"There is no stimulus whatsoever, except the difficult training the men must endure."

- Equinox21

Silmido (2004)

Director: Kang Wu-Seok

Writer: Kim Hee-Jae

Cast: Ahn Sung-ki, Sol Kyung-gu, Jeong Jae-yeong, Heo Jun-ho, Kang Seong-jin, Im Won-hee, Kang Sin-Il, Lee Jeong-heon

Running Time: 135 min.

Plot: See review below.


EQUINOX21'S REVIEW: Wow, what a movie. Silmido (meaning Silmi Island), loosely based on a true story, starts off showing events of January 1968, when North Korean commandos infiltrated South Korea in an attempt to assassinate the president. In response, South Korea established their own secret unit, comprised of South Korean convicts that had been sentenced to death and actually "executed" for their various crimes, whose mission would be to infiltrate Pyongyang and slit the throat of Kim Sung-Il. The movie follows the 31 soldiers' training over the course of 3+ years as they go from out of shape miscreants to hard-core, special ops soldiers. Most start out not liking each other, fights break out, tensions are high, but over the course of their training they form a brotherhood with each other and even with the soldiers assigned to beat them into shape.

The actors in Silmido were all top notch. You'll see many familiar faces among the main and supporting members of the 31 soldiers in Unit 684. Ahn Sung-ki, The general in charge of Silmido, Sol Kyung-gu (of Oasis and Public Enemy fame) and Jeong Jae-yeong (of Guns & Talks and No Blood No Tears fame) are really the three main characters and who the entire movie focuses on, with the latter two being the heads of the two of the three teams of trainees. They all do a bang up job, especially showing their early mistrust and dislike for each other growing to their mutual respect and admiration.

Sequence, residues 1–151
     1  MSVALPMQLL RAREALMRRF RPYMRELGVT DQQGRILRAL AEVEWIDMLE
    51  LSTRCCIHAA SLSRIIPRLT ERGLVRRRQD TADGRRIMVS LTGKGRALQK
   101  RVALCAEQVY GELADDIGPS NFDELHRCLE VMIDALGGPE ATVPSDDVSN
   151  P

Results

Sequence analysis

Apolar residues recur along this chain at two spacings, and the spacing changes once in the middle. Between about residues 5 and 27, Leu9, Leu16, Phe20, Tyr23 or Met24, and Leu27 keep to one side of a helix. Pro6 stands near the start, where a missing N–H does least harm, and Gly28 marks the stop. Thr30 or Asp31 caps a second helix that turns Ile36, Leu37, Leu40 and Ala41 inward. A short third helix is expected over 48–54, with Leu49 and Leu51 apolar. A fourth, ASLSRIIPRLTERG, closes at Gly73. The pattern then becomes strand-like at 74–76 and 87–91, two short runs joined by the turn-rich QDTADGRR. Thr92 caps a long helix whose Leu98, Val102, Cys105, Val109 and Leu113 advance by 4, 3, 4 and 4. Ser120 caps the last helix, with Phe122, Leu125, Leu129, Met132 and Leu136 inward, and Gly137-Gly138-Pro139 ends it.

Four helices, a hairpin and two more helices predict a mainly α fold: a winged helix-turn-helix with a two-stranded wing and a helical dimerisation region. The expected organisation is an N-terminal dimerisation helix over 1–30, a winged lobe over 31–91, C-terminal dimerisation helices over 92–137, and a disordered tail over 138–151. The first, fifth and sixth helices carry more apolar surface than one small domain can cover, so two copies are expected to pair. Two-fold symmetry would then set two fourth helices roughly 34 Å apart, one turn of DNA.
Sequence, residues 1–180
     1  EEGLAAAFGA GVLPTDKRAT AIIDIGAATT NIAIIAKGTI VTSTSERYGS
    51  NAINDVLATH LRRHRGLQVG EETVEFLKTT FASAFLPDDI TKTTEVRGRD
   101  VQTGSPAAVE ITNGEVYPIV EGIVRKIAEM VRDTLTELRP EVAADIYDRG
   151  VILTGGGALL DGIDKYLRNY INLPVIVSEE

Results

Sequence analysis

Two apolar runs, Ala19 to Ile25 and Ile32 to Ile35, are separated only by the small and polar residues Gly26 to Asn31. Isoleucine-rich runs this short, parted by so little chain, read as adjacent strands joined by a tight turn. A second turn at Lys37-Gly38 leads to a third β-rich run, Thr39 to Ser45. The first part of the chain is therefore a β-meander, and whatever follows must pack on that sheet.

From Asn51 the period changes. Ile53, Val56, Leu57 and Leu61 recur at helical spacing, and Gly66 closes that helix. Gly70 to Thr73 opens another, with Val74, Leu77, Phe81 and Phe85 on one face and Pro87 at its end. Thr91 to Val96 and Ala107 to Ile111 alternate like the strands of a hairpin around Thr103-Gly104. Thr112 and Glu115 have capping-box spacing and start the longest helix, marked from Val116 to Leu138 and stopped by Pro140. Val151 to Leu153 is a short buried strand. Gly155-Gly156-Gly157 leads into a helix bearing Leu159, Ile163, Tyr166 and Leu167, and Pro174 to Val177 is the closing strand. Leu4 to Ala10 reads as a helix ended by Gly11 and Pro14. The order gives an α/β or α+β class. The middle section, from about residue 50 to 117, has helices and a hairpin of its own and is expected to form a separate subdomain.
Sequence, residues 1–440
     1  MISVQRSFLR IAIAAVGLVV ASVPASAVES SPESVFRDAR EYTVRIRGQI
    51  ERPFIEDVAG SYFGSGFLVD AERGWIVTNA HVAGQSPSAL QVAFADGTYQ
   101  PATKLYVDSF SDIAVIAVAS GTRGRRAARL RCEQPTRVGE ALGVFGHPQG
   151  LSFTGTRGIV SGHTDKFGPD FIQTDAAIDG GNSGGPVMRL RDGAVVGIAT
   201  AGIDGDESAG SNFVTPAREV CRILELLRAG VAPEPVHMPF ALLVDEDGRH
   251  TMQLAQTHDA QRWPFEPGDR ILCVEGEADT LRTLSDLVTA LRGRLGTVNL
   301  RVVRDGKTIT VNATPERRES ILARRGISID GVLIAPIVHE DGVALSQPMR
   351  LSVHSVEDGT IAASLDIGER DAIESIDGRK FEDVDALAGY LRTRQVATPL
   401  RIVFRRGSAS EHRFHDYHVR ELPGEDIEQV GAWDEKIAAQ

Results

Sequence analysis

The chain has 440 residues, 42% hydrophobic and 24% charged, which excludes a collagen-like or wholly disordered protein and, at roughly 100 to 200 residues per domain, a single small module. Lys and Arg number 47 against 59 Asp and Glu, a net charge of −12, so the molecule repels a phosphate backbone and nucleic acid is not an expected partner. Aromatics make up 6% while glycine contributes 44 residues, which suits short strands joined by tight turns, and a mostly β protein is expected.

The movie was stark and lacked much color, but this is due to the fact that they were on a deserted island, dressed in military garb and didn't have anything as far as decorations. But this added to the terrific tension that builds in the movie. There is no stimulus whatsoever, except the difficult training the men must endure. The dramatic score adds to this as well.

If you enjoyed the brief training scene at the beginning of Shiri, you'll probably like the movie Silmido. The majority of the movie focuses on the training and building of a brotherhood, and it's fairly brutal. All in all a terrific film, it's no wonder it is South Korea's biggest blockbuster thus far.